Influence of Cognitive Biases in Decision Making

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Influence of Cognitive Biases in Decision Making

Albert R. Broccoli, most notable for producing the “James Bond” movie series is supposed to have said, “We are temporary people making permanent decisions”. He spoke about his personal investments into the James Bond franchise, both financial and emotional. He opined that all decisions must be made to safe guard the health of the franchise.

Influence of Cognitive biases in Decision Making

The spectacular success of this franchise is attributed to its ambitious story line action, glamour and the all-important characterization of the hero, Bond. The finalization of the script, cast of characters, locations, special effects etc are decisions that involve a multitude of disciplines and demand high levels of creativity. With the budget not being an object (for movies in this franchise), it may seem that there are plenty of opportunities to revisit decisions. However with the singular costumes, accoutrements, and gadgets there is possibly no room for rework. Besides, no budget is planned with re-work in mind or with generous buffers and tolerances!

So what is all this leading up to? It highlights the importance of empowerment and human resources and the decisions thereof. In a business, these “permanent decisions” are primarily a function of (a) the empowerment in the system, (b) people, and (c) governance models. Governance model here alludes to a formal structure of authority and its workflow, the local law, and possibly a sophisticated risk management framework in this day and age.

Popular research shows that there are cognitive biases in decision making. Governance frameworks are rational and aim to point decision makers in a certain direction. Yet they deviate from the rational path creating a culture of deviation and a propensity to live with reduced outcomes. Well engineered software systems can often throw up analysis that removes these cognitive biases.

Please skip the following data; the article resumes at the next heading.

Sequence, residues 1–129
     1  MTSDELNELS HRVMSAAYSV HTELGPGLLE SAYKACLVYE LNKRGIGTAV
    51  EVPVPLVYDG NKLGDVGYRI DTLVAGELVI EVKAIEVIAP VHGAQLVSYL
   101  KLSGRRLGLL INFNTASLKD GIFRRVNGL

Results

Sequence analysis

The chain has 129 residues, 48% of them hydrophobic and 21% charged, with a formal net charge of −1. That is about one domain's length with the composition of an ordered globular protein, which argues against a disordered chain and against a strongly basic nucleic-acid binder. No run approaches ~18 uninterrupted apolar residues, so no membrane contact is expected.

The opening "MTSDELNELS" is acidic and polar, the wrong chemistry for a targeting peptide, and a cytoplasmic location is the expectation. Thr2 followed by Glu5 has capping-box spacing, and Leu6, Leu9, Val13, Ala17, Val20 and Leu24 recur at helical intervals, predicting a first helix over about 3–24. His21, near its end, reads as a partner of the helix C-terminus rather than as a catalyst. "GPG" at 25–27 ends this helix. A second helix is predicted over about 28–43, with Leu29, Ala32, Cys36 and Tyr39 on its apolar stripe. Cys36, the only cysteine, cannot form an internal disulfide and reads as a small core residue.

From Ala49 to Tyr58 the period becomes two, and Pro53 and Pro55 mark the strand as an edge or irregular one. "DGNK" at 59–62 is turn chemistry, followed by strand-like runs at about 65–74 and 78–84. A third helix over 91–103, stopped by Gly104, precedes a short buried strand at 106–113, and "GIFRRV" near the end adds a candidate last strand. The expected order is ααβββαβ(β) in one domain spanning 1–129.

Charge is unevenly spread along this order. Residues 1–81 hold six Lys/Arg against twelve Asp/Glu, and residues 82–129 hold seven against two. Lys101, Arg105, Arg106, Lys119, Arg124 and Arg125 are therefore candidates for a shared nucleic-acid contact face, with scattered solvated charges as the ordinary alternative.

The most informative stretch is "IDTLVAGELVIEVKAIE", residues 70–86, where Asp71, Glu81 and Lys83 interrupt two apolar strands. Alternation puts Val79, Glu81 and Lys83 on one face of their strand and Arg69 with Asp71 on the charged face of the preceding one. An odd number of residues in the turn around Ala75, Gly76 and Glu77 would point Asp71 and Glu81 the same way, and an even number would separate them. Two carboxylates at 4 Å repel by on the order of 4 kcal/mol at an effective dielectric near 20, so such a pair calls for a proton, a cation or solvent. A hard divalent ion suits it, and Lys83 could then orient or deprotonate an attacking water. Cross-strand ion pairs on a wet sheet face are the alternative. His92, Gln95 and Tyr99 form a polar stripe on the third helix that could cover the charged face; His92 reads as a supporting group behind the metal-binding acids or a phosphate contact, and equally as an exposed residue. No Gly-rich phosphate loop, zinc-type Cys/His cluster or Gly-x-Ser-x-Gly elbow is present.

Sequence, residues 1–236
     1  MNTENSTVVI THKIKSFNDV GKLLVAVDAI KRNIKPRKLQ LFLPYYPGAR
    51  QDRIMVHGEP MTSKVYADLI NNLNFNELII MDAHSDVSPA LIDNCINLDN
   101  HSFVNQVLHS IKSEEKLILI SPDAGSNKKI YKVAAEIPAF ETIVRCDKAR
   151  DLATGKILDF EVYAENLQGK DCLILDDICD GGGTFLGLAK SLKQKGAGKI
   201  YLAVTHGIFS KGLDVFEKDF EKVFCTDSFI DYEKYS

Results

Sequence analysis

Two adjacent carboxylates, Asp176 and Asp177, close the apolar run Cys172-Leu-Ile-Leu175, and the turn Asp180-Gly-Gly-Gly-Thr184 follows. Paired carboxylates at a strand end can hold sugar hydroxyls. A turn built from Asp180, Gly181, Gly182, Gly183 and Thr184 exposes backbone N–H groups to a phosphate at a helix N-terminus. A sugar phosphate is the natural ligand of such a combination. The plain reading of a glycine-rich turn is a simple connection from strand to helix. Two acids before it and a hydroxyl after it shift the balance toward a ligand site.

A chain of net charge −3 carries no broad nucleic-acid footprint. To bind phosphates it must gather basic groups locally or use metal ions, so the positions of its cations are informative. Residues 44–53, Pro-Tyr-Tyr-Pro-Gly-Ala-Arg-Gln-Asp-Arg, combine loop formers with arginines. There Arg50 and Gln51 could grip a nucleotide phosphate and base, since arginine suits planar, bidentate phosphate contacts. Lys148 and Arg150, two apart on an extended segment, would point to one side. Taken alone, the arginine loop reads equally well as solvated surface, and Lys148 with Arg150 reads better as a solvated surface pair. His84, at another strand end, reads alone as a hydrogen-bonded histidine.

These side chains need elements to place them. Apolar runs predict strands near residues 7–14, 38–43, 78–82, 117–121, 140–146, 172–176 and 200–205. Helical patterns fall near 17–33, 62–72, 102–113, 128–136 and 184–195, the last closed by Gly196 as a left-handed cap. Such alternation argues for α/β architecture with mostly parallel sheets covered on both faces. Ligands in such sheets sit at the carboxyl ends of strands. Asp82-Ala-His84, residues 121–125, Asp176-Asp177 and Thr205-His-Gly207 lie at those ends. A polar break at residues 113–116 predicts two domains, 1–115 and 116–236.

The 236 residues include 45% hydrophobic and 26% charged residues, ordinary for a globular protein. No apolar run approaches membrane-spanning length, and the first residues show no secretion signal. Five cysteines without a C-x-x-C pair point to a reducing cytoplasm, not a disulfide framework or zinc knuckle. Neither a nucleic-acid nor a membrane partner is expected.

Specifically, you may (a) analyze and view information in different ways, allowing people to focus on a pattern that makes a valid, significant point, (b) highlight measures of uncertainty to question an action, (c) question fundamentals upon which composites are built through drill down facilities, (d) account for the motives of the roles that are creating the data, or (e) drop the roles from the analysis and go with the accreted data.

To explain the above, a decision made on say a sales person based upon performance alone assumes a perfect go to market strategy, where a sales person may be declared incompetent if he is unable to achieve his targets. Bringing in social media data and industry benchmarks might throw light on the person’s associations and hence their standing in an imperfect world. Add potential business loss by assessing these social connections that the sales person has and now the decision to judge becomes more complex. A look at the succession plan can show potential candidates for the sales position and the evaluator’s bias towards them! Further, when you look at raw sales data (without personnel and their roles) it may have its own tale to tell.

Thus, even with the best governance frameworks, HR decision making must be relieved of cognitive biases given that it has a propensity to be so.

Blog by: Shyaam Sunder, CKO & Vice President, Ramco Systems